“Hold on there,” said a voice off to Taylor’s right. One of the men that lived in the house was walking across the yard. It was the dark-haired man, the one Taylor thought of as the younger one. He was handsome and looked like an athlete. He came up next to the dog and patted its head, which came up to his waist. It really was a big dog.
“Hi there, little guy. You from next door?” The young man wore ripped jeans and a tshirt that said Johnny Hog Dogs in bright pink letters. A leather bracelet wrapped around his left wrist, only the letters “S” and “Y” were visible. Taylor thought this man and this dog were a mismatch. The dog was too fancy. The man was too cool.
He resisted his urge to be shy. “Yes. My aunt lives there.”
The man smiled. “Ah, your Sarah’s nephew. She talks about you a lot. You’re taller than I imagined.”
Taylor blushed and wondered what Aunt Sarah had been saying about him. He didn’t even think she paid him much attention. He liked the idea of being tall though. “What is your dog’s name?”
The man smiled. “You can call him Sykes. He’s a big guy, but gentle. My name is Barry.”
“I’m Taylor. Can I pet him?”
Barry looked over the hedge row into Aunt Sarah’s yard and gave a wave. “Just letting them know you’re over here.” He looked down at the dog and asked “what do you think? Can he pet you?”
The dog bobbed his head up and down and pawed at the grass. “Looks like a yes,” Barry said.
Taylor walked slowly toward the dog with his hands out. Sykes sniffed the hands and bowed his head. The fur was soft, like he imagined. He gently patted the dogs head as he got closer. “What kind of dog is he?”
“He’s an Afghan hound, they tend to have all this long hair.” He ruffled his own short brown hair and said, “takes too much work, I think. Shorter is better, right?”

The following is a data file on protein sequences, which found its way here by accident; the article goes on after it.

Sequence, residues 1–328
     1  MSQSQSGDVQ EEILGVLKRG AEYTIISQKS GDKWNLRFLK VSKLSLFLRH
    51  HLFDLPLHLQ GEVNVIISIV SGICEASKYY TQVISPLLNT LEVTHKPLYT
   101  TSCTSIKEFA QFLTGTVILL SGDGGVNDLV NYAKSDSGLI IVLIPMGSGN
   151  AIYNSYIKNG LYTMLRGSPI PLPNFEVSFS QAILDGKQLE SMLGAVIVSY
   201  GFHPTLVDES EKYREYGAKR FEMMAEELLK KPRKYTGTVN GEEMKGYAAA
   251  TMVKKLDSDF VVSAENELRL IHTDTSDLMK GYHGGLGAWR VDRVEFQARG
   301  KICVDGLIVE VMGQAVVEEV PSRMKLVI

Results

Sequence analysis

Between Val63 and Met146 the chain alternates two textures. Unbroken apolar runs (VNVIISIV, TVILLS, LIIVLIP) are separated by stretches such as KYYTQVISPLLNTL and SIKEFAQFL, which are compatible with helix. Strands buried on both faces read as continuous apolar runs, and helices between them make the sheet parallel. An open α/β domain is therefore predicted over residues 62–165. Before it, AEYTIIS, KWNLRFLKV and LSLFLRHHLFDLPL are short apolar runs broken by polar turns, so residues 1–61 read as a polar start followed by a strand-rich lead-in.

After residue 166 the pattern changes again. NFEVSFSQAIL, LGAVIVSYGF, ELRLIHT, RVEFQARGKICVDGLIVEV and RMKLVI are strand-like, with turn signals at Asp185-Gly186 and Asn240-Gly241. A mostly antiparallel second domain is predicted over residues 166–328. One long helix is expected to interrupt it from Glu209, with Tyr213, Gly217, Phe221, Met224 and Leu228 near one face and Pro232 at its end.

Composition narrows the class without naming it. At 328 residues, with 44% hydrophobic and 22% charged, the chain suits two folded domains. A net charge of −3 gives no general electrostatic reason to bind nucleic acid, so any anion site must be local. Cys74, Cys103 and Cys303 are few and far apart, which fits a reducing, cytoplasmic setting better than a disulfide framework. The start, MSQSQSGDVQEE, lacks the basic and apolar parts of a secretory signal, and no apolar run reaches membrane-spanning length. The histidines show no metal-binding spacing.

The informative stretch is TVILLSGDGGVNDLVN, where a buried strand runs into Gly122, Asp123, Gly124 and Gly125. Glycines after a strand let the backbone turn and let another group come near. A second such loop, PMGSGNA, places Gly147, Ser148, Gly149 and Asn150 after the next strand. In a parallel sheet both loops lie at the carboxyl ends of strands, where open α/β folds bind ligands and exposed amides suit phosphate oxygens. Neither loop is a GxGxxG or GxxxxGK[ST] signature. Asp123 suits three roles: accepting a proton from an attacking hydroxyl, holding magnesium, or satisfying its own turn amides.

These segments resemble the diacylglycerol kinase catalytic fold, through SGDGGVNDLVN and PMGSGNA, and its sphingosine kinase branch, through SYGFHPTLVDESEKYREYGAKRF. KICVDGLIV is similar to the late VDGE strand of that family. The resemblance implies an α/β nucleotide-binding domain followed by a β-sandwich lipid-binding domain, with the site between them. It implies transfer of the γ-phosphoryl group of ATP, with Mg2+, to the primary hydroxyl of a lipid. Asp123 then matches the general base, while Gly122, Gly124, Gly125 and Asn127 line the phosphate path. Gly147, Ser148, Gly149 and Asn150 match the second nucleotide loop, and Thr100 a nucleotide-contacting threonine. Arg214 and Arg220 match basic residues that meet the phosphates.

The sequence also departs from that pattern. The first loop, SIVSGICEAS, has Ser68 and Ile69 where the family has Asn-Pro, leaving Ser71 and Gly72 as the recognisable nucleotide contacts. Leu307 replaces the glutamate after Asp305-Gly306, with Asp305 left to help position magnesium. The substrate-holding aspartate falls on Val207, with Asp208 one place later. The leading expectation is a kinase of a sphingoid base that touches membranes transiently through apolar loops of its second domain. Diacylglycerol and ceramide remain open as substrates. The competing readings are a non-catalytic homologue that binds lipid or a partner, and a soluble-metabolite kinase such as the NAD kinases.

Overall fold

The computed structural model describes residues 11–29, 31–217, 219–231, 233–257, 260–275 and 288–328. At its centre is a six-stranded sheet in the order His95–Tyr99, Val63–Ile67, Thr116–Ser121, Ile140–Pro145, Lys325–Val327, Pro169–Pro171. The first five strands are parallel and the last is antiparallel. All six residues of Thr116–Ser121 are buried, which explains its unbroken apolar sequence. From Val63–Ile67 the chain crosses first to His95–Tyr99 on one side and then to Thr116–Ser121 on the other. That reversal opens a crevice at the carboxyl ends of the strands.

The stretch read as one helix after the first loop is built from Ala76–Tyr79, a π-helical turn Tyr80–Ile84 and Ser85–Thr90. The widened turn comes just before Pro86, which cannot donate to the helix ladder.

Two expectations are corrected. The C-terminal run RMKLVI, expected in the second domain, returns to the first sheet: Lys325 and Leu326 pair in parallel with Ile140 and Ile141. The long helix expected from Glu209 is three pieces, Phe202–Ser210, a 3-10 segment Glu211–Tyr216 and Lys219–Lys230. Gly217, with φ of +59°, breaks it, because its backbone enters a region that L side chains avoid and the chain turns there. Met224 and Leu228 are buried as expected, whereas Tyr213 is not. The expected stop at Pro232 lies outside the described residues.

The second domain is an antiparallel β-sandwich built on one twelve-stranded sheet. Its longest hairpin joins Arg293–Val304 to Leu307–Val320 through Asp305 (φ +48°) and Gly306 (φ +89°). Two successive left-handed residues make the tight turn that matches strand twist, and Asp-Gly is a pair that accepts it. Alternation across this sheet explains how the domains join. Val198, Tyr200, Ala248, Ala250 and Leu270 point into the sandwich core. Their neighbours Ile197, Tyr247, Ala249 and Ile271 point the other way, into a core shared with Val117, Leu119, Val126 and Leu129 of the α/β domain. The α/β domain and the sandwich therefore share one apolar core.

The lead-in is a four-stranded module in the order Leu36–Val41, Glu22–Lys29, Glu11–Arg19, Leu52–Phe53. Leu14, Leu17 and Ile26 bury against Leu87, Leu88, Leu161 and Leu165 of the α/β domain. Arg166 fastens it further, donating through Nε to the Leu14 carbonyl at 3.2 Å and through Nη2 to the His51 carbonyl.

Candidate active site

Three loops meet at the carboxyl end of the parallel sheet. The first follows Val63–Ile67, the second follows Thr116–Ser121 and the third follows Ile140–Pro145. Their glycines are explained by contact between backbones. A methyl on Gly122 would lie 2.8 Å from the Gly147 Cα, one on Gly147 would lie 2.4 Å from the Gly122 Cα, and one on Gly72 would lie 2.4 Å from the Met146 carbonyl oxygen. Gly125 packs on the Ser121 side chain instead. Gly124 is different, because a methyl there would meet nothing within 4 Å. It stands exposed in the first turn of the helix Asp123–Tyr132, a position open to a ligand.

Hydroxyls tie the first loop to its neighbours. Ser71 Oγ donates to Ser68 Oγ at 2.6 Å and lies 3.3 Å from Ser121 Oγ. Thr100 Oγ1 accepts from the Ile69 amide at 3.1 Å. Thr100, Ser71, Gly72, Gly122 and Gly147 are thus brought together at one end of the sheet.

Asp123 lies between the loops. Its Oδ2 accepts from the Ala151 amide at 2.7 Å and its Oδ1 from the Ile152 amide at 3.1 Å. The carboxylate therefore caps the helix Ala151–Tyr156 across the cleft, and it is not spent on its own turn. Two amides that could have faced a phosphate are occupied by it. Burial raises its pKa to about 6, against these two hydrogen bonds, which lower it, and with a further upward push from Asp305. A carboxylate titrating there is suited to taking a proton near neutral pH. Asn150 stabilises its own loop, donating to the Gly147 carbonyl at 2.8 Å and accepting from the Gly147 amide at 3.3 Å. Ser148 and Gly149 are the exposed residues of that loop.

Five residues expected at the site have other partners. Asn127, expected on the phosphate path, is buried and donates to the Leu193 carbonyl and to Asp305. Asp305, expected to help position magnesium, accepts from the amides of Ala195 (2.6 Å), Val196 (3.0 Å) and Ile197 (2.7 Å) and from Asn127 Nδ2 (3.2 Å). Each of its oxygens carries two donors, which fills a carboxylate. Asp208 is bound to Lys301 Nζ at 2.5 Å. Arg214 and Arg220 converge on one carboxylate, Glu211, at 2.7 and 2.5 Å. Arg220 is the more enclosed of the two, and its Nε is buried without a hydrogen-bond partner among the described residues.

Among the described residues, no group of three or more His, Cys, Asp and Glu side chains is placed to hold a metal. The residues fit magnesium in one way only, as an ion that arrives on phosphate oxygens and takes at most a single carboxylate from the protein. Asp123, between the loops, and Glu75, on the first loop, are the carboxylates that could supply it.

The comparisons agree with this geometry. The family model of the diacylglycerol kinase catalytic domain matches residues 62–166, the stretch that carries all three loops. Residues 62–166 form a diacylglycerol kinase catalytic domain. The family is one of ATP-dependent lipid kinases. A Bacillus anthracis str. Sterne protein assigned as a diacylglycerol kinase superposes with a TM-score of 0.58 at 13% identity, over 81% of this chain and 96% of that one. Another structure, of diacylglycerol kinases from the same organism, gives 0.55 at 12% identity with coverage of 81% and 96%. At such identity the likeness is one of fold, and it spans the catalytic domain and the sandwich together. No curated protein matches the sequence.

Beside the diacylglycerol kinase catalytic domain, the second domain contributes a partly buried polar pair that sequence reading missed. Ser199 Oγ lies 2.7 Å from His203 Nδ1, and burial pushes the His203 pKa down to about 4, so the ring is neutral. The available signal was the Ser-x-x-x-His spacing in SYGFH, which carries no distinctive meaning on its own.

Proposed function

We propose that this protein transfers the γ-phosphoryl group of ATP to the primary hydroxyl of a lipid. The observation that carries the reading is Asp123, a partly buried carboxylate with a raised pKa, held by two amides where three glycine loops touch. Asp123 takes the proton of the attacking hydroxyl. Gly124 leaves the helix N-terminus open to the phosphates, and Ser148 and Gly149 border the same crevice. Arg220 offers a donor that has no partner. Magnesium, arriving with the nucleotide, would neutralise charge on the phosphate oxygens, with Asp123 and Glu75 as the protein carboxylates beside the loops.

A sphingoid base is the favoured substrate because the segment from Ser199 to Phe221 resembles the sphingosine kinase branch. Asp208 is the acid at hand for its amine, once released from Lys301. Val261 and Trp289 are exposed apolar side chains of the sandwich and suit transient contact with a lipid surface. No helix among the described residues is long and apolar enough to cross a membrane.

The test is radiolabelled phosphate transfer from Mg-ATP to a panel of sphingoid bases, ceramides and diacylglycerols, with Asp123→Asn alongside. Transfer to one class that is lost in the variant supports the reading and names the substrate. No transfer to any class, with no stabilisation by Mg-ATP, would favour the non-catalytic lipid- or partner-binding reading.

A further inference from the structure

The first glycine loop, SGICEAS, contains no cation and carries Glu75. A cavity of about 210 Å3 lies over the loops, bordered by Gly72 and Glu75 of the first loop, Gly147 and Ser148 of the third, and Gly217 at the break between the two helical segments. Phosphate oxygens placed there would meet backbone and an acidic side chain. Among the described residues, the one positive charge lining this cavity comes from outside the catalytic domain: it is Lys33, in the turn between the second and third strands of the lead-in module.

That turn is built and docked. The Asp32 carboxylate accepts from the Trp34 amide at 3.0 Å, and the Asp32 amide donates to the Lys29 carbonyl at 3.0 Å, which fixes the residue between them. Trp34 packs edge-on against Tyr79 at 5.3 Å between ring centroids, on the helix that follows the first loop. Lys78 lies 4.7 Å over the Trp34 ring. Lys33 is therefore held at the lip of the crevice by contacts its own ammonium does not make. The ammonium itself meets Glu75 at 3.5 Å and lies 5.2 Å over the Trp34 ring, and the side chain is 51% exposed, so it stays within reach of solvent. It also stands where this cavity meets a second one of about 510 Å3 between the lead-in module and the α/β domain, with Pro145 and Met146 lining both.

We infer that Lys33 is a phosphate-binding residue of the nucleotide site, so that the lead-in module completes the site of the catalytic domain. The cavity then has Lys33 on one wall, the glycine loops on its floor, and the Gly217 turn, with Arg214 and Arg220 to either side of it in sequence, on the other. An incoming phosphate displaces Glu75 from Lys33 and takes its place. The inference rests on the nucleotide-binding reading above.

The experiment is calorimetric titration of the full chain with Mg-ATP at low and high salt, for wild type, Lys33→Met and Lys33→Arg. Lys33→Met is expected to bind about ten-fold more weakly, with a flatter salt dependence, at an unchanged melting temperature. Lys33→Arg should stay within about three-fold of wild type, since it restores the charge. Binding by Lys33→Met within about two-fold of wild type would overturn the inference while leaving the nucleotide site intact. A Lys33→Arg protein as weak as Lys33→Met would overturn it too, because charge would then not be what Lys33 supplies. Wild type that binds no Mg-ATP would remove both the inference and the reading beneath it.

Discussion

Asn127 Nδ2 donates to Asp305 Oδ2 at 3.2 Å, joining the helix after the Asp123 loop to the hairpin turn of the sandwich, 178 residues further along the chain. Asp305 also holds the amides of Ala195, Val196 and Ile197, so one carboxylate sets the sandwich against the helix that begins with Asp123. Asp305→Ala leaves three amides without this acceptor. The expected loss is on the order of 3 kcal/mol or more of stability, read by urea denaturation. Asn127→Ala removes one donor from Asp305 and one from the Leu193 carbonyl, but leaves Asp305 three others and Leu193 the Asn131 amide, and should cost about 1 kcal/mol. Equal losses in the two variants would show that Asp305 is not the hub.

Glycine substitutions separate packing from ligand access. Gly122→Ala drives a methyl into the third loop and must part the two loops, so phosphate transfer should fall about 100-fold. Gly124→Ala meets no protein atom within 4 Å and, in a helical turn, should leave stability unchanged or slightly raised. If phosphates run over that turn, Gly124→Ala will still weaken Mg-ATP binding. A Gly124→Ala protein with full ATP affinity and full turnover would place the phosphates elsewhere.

Sykes was almost the same height at Taylor and the boy had an easy time of putting his hands around the dog’s neck. He pulled himself into a tight hug, burying his face in the soft fur. He could feel the dog’s heartbeat and it made him feel calm and safe.
“Taylor?” came his mother’s voice from the other yard.
He looked up to see Barry waving again. “He’s here. He’s fine.” A moon-like face appeared over the hedgerow, eyes a bit red from too many ‘evening pick-ups.’ She smiled at Barry, a little too widely, Taylor thought.
“Oh,” she said, folding a lock of hair behind her ear. “He’s not bothering you, is he?”
“Not at all. Me and my boy were just out for an evening stroll. I think they both found a new friend.”
Taylor released the dog’s neck and took a step back, still feeling the silky warmth of the fur.
“We’re going back inside now, come along,” his mother said. “Sorry again for the trouble.”
“No trouble at all,” said Barry. The man knelt down next to his dog and said, “if it’s okay with your family, you can come by again and play, okay?”
“Sure, I’m sure,” and he ruffled the boy’s hair. “Get going now. Mind your mom.”
Taylor hugged the dog one more time and then ran back to his Aunt’s yard. Halfway to the deck, he remembered his lightning bugs and his heart sank, realizing he’d abandoned them. He found the jar where he left it. Unscrewing the lid, Taylor spun in a circle, releasing the captors in a shimmering tornado. He stood at the edge of the hedge row and listened to Barry call his dog into the house. He wondered when he could go over and play again. He wanted to run around with that dog. He wanted to be cool like Barry. He hoped that Barry’s boyfriend was cool, too.
Taylor walked back to his aunt’s house, the liberated fireflies marking his path.